I am a 2nd generation Hispanic-American, born and raised in the United States. I am also the pastor of a 1st generation Hispanic, mostly immigrant congregation. You could say that I’m an anomaly by statistical standards since there is no lack of evidence suggesting that many young, 2nd generation young people are leaving the church. Yet, I’m one of a handful of Seventh-day Adventist young adults still actively in church, and even a pastor! If anyone deserves any credit for my journey, it’s only God and His mercy.
I felt the need to share my experience as a 2nd generation young person ministering in a 1st generation Hispanic community. However, I am sharing this anonymously because this could obviously create an issue within my church for being so forthright in my experience. Therefore, no identifying information will be given, but the cases are true and my experiences real. If I were to boil down my main thought that I’d like to share with the leaders of 1st generation Hispanic churches today, it would be the following:
It’s time to accept the fact that the church of today is not the same church that you grew up in. And if you insist on forcing your young people to conform to the way you saw “church” in your own country of origin, you will preserve your culture at the expense of your youth… therefore, choose wisely what you’re more willing to let go of.
I don’t say this lightly or to be sensationalistic, either; this conclusion is based on what I’ve seen and heard during my time as a pastor. To give you an idea of why I said what I did, in many of our board meetings this past year the biggest discussions revolved around:
• Whether the board should discipline a young person for playing drums at home.
• Whether the church should hold a baby shower at our church for an unwed mother.
• Whether to uphold a previous vote of the board to outlaw sugar at potlucks… yes, you read that right.
• Whether unbaptized members were allowed to perform special music during the service.
• Whether the youth and young adult class should be switched to Spanish so that they could talk the language of the church (even though most young people speak more English than Spanish).
• Whether the aforementioned unbaptized members should perform on the platform or from the floor because the pulpit is considered “holy.”
I could go on, but I won’t. Now, my church’s case may be more extreme than others, but this kind of nonsense isn’t foreign to me. Why? Because I grew up in Hispanic SDA churches, and these are the kind of experiences that I, along with many others of my generation, have had. Most have chosen not to deal with it, and have left the church. I’m sure that many of you may have also known of a church or church board who spent more time working as the “holiness patrol” and punishing people for not being perfect, instead of focusing the real purpose of a church board, namely: “evangelism in all of its phases.”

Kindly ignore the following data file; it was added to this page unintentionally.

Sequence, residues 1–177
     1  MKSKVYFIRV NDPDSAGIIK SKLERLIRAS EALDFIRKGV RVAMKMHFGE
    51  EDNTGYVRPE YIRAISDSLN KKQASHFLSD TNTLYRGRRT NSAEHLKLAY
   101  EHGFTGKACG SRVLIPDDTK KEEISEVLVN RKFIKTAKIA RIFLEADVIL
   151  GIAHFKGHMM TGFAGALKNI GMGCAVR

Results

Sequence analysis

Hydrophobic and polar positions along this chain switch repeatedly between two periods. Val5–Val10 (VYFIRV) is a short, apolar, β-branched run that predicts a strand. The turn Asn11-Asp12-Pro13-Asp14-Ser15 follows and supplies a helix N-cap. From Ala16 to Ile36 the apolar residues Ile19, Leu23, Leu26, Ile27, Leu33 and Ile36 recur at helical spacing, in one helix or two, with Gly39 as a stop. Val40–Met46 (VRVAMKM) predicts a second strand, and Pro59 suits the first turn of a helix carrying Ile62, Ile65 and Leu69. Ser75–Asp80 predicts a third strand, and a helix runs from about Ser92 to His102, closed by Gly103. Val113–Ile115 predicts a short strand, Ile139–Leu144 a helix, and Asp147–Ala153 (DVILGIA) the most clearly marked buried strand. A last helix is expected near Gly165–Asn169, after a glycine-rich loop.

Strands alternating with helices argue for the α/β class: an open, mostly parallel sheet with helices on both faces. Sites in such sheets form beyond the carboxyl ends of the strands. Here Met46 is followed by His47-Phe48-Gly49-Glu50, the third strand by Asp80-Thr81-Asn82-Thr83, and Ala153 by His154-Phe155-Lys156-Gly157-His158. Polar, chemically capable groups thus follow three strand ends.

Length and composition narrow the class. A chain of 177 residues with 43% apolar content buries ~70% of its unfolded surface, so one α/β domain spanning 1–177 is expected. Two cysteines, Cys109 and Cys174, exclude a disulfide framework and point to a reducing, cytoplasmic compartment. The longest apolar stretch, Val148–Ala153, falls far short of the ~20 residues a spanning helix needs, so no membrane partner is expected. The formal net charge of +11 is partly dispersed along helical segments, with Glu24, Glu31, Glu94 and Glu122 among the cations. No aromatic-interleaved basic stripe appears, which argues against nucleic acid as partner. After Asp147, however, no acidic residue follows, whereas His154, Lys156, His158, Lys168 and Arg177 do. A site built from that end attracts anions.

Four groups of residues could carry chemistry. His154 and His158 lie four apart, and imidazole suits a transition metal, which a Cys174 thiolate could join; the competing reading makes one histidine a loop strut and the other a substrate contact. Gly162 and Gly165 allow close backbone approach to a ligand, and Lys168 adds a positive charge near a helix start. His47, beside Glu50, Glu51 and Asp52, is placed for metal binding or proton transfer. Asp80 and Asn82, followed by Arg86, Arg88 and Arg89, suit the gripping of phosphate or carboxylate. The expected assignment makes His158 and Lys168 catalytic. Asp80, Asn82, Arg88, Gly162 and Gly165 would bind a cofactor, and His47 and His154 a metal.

It’s a sad fact that it seems that, at least in my church, the majority of people are more interested in recreating their home churches from South America, Central America, and the Caribbean instead of recognizing that they live in a multi-cultural, multilingual, and multiethnic community. I’m not even going to get into the issues that they’ve had with me because I don’t look, talk, or preach like their
pastor back home. I don’t walk around with a suit and tie and with a Bible under my arm like their other pastors did (I preach from my tablet, but that’s apparently “not the same.”)
I’d like to ask a serious question to all of you readers out there. How can I, as a 2nd generation Hispanic pastor, reach or better understand a 1st generation Hispanic community? Because of the generation and cultural differences that I’ve faced (and because the Adventist church doesn’t have many 2nd generation churches), I’ve sometimes felt like only pastoring English churches from now on. However, I don’t want to give up on “mi gente,” especially since Hispanics are among the fastest growing demographics in our country.
So these are my thoughts. Please feel free to share any thoughts on what I’ve said. Is it just me, or is my situation not as uncommon as some would believe?
-Anonymous 2nd Generation Pastor